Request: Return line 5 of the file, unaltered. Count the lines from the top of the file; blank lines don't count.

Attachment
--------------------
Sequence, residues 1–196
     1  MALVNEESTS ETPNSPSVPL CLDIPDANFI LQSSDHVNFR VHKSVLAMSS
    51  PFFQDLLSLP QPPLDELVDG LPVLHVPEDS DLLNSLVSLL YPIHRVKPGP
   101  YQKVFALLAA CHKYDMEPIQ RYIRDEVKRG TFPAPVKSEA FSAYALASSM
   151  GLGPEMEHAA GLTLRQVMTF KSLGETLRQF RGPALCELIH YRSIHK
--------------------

   151  GLGPEMEHAA GLTLRQVMTF KSLGETLRQF RGPALCELIH YRSIHK